A Pastor’s Relationship with the Church

We typically describe a pastor’s relationship to his people in leadership terms, such as shepherd or overseer, and rightly so, but leadership authority Ronald A. Heifetz offers us a new description. He claims that leading institutional change is a process of “disappointing people at a rate they can absorb.” This is a profound observation. In our rapidly changing time and culture, a pastor must lead change, and change inevitably disappoints people. The challenge is to lead the church through the changes necessary to bring it back to health and, at the same time, survive the process of disappointing people so the church is not harmed and the pastor is not fired. In my view, the most common mistake new and often young pastors make is disappointing their people at a rate they CANNOT absorb. The result is usually not good. Successful pastors will learn to lead in such a way that their people choose to follow. The whole world, the church included, is in a “not-in-Kansas-anymore” moment. Much is being written on the qualities of leadership that pastors will need to exercise in these tumultuous times. With Heifetz’s phrase as our guide, here are a few of my thoughts.

Accept the Role of Leader

First, we must accept the role of being a leader of change. Not change for change sake, but change to intercept the process of institutional decline that afflicts 80 percent of churches in America. Clearly, how we are “doing church” right now is not working very well. For many years, it was generally believed that only the liberal church was in decline while evangelical churches were doing fine. We can no longer deceive ourselves that this is true. While the liberal church is on death’s door, the evangelical church is also hemorrhaging members and failing to reach millennials. The long hard journey back to health and life of the local church rests with the local pastor; he is God’s human agent for leading. The Apostle Paul calls leadership a spiritual gift (Romans 12:8) and says that if this is your gift then “lead diligently.” I believe that the Holy Spirit has distributed the gift of leadership widely to pastors. While many of us do not feel particularly competent as leaders, nevertheless if we are called to pastor, we must “lead diligently.” The good news is that leaders are made, not born. Granted, some pastors naturally gravitate toward a leadership role. However, for most of us, leadership is a skill we acquire over time, with the endowment by the Holy Spirit, as we willingly embrace the role.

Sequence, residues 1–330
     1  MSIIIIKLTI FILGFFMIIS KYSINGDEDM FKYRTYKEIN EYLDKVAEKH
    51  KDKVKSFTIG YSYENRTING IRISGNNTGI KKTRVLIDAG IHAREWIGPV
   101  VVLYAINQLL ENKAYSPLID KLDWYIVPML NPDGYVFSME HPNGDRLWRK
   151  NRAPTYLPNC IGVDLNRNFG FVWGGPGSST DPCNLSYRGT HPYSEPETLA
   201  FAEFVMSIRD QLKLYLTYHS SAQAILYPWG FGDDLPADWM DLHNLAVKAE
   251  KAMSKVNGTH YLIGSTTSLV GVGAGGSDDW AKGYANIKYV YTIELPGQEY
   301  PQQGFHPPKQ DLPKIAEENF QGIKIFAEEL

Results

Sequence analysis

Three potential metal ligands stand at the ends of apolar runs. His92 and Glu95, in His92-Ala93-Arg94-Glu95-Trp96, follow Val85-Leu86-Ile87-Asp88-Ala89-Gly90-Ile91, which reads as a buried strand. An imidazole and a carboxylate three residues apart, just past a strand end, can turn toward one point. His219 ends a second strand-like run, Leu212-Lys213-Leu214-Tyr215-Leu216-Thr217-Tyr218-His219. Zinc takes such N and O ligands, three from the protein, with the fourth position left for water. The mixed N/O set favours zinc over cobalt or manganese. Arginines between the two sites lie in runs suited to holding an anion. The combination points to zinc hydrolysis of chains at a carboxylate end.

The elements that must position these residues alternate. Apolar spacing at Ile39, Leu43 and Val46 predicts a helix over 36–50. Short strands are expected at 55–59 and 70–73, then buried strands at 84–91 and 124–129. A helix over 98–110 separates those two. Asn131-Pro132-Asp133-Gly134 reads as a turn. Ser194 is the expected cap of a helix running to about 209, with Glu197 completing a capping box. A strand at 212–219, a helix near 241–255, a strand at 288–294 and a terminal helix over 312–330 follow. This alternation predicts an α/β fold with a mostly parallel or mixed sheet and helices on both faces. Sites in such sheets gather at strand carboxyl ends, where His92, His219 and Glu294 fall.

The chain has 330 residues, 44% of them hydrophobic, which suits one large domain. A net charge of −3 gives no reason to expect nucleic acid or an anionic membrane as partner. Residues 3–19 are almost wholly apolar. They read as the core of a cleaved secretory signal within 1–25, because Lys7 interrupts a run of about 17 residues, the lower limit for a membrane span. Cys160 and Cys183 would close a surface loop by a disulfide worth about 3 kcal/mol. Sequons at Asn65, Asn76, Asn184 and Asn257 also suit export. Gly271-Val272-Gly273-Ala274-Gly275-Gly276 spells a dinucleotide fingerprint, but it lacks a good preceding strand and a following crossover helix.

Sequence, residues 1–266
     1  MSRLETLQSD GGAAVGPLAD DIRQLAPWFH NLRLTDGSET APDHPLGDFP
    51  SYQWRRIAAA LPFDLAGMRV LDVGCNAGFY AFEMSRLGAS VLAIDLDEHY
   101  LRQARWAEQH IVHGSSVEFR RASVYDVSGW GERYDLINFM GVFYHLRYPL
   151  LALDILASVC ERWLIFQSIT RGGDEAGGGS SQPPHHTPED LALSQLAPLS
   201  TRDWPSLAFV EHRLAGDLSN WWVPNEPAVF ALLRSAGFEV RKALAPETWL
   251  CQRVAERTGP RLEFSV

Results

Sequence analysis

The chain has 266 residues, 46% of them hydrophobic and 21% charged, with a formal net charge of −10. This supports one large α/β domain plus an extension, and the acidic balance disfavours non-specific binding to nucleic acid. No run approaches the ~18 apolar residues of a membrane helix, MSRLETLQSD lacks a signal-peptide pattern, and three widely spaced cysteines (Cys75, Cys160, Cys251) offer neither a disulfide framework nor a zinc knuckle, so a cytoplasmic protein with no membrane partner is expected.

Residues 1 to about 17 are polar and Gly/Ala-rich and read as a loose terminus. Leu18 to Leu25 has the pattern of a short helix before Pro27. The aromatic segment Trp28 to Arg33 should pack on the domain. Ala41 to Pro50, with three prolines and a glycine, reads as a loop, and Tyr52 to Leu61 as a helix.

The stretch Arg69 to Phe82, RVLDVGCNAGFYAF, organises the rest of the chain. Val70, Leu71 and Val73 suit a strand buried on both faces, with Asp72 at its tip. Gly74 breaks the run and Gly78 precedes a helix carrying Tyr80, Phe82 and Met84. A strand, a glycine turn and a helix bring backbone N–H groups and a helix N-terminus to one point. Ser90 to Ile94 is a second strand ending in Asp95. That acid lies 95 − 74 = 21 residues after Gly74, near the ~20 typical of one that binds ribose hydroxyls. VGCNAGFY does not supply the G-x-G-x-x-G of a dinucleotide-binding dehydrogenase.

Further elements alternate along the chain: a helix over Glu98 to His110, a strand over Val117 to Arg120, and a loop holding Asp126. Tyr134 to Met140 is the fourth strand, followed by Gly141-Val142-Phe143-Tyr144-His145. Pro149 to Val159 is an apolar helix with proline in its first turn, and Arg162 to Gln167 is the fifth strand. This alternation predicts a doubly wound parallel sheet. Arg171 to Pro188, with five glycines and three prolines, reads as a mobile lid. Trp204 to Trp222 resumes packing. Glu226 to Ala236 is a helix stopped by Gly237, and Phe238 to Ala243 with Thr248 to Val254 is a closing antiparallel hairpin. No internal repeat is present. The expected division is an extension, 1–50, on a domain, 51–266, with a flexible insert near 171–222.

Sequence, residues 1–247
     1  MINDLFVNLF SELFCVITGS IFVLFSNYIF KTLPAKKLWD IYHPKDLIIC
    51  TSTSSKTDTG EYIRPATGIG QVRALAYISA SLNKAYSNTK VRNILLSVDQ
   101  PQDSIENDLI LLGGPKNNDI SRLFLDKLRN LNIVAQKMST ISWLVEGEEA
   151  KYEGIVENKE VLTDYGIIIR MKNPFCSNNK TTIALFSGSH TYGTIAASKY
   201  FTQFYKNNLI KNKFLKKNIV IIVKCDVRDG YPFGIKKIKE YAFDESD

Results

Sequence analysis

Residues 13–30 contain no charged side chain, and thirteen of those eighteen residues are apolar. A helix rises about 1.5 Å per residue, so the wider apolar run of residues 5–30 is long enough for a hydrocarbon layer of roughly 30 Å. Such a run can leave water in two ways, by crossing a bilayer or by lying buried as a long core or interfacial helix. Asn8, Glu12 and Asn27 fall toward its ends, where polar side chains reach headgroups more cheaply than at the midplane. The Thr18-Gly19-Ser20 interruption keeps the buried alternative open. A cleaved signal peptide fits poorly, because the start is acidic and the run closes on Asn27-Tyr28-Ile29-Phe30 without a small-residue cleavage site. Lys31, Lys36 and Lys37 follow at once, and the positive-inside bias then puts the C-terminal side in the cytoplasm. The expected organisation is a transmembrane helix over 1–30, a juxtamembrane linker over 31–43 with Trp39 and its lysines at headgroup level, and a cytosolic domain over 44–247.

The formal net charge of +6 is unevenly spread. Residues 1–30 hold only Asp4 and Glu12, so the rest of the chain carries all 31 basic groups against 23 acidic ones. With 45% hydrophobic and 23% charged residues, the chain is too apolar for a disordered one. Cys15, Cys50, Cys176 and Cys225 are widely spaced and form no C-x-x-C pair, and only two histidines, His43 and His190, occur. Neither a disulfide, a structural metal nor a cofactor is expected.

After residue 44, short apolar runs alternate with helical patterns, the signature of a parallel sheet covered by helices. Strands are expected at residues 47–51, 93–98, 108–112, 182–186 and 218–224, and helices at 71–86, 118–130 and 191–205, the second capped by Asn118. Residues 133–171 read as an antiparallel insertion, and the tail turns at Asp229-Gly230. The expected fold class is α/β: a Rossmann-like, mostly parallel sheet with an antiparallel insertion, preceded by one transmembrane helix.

I clearly recall the moment as a young pastor when I knew I had to lead. I had been a pastor for about two years. Before my call, the church had been in decline for some time and was even considering closing its doors. Decades of liberal theology had nearly killed this once thriving church. I spent the first two years getting to know the people and preaching a simple gospel message. My “Aha!” moment around leadership came at a deacons meeting with about eight of us seated at a table. The perfunctory agenda items had been dealt with, and it seemed the meeting was about to adjourn when one of the deacons turned to me and said, “OK, Pastor, you’ve been here for a couple of years now. What are we supposed to be doing as church?” In a flash, I realized that no one was steering this ship. These competent men and women had guided the church through rough times of failed pastoral leadership and now were waiting for me to take the helm. They must have intuitively known that a church cannot lead itself and that, while a group of people may lead for a season, eventually every church needs a shepherd to lead it. It was a frightening moment for me because I was young and clueless as to how to lead. In fact, it was years before I felt comfortable in that role. That memorable meeting made me realize that I—and no one else—was called to lead and if I didn’t take the wheel, then the church would flounder. Accept the fact that if you are called to be a pastor, you are called to lead.

Expect Resistance to Your Leadership

Second, understand and accept that the normal human reaction to change is resistance. It is normal because change upsets the equilibrium of an organism or organization. The late Edwin H. Friedman, in his classic book on church systems Generation to Generation (2011), uses the scientific term homeostasis to describe the state of equilibrium that all living organisms seek. When we introduce change, we disrupt homeostasis, and the organism—in our case, the church—fights with all of its resources to reestablish balance. Don’t underestimate how powerful a force homeostasis is. Consider the fact that, before your arrival, your church spent years or even decades establishing routines, traditions, and patterns of activity that enable it to function. It may not be functioning well. In fact, it may be quite dysfunctional. Even that very dysfunction is the homeostasis that enables it to survive. The dysfunction is its normal. As pastors, we are often surprised by how fierce the resistance to our leadership can be. We shouldn’t be.

It is interesting that the first parable recorded in the Gospel of Luke, the Parable of the Wineskins (Luke 5:36-39) deals with change and people’s negative reaction to it. I had preached this text many times before recognizing its most practical lesson. The story compares new and old cloth, new and old wineskins. The main point is that Jesus’ message of the gospel is not a revision of the Old Testament but something entirely, radically new. Jesus is declaring at the outset that His ministry is not a reform movement like that of the Pharisees or even John the Baptist. Jesus explains in this vivid story that the gospel cannot be “patched” onto the Old Covenant. While the New Covenant is the fulfillment of the Old Covenant, it is not simply a repair to the garment of the Old Covenant; it would be a new garment altogether, the new garment of the New Covenant. The image of the wineskins conveys the same message. To take Jesus any other way, the parable says, would be destructive. His message must be received as something completely new, and Jesus Christ must be newly received by each person.